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Portable video monitoring systems

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SkipnoPortable video monitoring systems
by on Aug 13, 2005 at 6:52:37 pm

Hello all,

I was fiddling around with this idea and wanted to know your opinions. How about having a battery-operated, wireless video transmitter and receiver attached to a videographer's utility belt, along with a 2.5" LCD screen, mounted via camera's shoe mount/hot shoe. The LCD would show the 2nd videographer's video output, and would be attached to the receiver. The LCD would also have a battery pack. Each camera would essentially have the same components, so that they can see exactly what the other is shooting.

I primarily shoot weddings, and thought this idea would eliminate the need for a 3rd "backup" videographer, since both people can see both angles simultaneously. I've looked around, and the cost would be no more than $500 per camera. My current setup is two Sony VX2000s and two Eartec TD-900 full-duplex walkie talkies.

Anyone's comments or suggestions would definitely be appreciated!


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David RennieRe: Portable video monitoring systems
by on Aug 13, 2005 at 7:03:03 pm

I use the shot watcher by vortex media. Though in my case it is a "one-way" flow. I do not have a second shot watcher for the B cam. I use a wireless communiction however to coordinate camera movements between the two shots. I find that in most cases this works very well.

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Peter RalphRe: Portable video monitoring systems
by on Aug 14, 2005 at 1:58:04 pm

It doesnt eliminate the value of voice communication - you also need to know what the other shooter is going to do 2 seconds form now

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Jeff CarpenterRe: Portable video monitoring systems
by on Aug 15, 2005 at 7:58:47 pm

I've done something like this, but not for weddings. I've used it for ballets where my other shooter is keeping a good, steady shot the whole time and slowly moving around the stage. Having a monitor allows her to avoid getting the exact same shot I'm getting.

But that only works if one of your shooters is trying to be "good" the whole time. For weddings we'd both need to move quickly at certain points so we aren't able to make use of such a system.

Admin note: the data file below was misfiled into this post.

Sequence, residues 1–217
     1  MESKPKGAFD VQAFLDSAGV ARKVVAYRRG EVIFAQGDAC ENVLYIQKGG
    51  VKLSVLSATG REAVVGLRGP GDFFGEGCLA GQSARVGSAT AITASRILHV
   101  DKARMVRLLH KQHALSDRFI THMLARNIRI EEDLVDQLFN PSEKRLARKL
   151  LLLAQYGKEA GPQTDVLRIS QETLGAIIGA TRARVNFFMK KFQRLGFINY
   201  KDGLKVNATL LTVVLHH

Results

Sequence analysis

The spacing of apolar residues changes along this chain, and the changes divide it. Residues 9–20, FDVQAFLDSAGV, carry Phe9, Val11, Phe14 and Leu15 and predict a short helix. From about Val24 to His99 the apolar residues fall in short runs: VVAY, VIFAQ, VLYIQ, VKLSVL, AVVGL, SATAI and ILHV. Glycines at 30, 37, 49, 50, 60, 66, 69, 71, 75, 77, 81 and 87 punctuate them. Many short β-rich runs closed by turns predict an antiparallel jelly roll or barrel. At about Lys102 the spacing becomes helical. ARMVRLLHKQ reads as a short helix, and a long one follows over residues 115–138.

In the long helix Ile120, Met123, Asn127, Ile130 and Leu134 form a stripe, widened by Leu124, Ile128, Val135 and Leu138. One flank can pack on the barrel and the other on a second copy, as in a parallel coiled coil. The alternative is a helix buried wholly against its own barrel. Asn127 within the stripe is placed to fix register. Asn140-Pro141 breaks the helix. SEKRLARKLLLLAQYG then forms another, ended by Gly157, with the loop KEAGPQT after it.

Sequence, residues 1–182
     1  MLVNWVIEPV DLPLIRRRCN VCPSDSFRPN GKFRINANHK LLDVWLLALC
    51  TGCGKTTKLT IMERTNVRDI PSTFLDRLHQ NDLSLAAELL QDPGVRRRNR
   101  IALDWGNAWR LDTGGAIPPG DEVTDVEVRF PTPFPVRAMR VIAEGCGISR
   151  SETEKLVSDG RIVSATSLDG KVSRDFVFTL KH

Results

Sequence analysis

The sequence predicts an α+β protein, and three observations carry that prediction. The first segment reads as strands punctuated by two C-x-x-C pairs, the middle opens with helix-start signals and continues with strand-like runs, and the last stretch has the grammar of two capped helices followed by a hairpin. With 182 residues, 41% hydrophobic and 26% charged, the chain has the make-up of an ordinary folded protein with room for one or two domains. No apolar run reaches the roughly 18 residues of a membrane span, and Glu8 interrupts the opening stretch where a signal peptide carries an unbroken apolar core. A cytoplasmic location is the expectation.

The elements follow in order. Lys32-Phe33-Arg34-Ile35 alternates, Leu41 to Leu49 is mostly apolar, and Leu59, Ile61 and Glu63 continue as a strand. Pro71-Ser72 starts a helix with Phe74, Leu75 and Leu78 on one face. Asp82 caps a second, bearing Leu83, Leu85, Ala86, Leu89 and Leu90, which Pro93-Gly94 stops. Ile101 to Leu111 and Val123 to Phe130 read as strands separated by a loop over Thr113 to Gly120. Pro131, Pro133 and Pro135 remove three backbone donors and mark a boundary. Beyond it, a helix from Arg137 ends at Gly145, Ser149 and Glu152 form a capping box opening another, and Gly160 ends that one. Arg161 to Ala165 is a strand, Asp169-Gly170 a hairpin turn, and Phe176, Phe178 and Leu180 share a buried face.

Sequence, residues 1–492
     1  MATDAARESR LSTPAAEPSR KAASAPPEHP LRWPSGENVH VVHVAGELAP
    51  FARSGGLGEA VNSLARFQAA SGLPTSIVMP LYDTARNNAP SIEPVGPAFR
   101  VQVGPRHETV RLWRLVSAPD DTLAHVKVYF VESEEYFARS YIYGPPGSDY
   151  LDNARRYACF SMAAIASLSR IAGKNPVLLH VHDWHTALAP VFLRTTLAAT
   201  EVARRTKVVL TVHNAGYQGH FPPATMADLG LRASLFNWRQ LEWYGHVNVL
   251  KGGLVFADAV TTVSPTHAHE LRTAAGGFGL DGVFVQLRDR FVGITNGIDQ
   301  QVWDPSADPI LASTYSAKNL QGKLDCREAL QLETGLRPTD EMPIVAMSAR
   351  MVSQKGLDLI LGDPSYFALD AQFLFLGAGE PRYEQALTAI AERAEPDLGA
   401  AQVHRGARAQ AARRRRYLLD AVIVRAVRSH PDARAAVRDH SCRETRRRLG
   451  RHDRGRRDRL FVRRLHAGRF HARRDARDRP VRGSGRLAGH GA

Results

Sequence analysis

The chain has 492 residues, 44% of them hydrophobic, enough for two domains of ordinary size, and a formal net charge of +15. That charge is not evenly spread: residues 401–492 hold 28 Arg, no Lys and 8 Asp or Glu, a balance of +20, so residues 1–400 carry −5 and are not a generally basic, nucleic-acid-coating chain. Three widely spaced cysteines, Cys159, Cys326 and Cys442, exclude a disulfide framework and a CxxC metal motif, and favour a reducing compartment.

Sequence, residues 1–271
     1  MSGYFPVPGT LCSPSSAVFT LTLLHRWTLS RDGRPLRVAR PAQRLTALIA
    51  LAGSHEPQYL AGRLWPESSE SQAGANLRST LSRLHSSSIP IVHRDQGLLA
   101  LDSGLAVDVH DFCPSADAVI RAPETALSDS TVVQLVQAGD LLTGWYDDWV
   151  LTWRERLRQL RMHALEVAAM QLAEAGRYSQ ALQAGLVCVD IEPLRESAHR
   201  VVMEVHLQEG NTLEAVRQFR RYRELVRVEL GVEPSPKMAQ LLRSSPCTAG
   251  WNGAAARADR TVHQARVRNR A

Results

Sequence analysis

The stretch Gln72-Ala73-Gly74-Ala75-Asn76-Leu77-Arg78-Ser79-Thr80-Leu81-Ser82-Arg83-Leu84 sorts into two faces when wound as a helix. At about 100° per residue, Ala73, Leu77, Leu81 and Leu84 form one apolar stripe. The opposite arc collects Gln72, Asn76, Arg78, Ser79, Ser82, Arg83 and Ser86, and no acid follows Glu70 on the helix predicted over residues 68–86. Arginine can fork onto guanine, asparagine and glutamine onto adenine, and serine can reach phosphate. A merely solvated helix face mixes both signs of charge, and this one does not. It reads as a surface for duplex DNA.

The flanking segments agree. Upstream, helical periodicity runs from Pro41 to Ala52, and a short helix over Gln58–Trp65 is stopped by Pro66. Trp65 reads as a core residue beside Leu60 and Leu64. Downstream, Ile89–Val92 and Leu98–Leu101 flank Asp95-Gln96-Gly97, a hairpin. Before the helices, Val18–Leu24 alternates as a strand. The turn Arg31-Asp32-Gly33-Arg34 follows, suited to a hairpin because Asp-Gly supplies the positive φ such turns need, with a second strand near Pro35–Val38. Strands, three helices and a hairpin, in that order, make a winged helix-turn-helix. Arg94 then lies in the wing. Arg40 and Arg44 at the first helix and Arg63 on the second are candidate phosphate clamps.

The closest idea that might work is to run BOTH of your cameras out to 2 monitors in the hallway and have a "director" telling you both on headsets what to do. This would allow the director to give a lot of detailed commands...the kind of things he couldn't say inside the ceremony as it would be distracting. That's one step up from having direct communication between the two shooters.

Do you always work with the same shooter? I always work with my wife so we've managed to come up with many different hand signals that mean different things. They're subtle things so they don't distract anyone and we don't have to talk out loud. For example, if I cross my arms and then do the standard "peace symbol" with my right hand on my left shoulder it's not something anyone else is going to really notice. But my wife now knows that I've got "2 people" in my shot, and based on the angle of my camera she can easily deduce that I mean I have both the bride AND the groom in my shot. She can then decide to zoom in on one or the other of them knowing that it will be different from my shot. We've made up dozens and they're all designed to be fairly small movements so the guests eyes aren't drawn to the movement of our hands.

That can only work if you use the same people every time, but if you can make something up and both learn it then it can be a great help.

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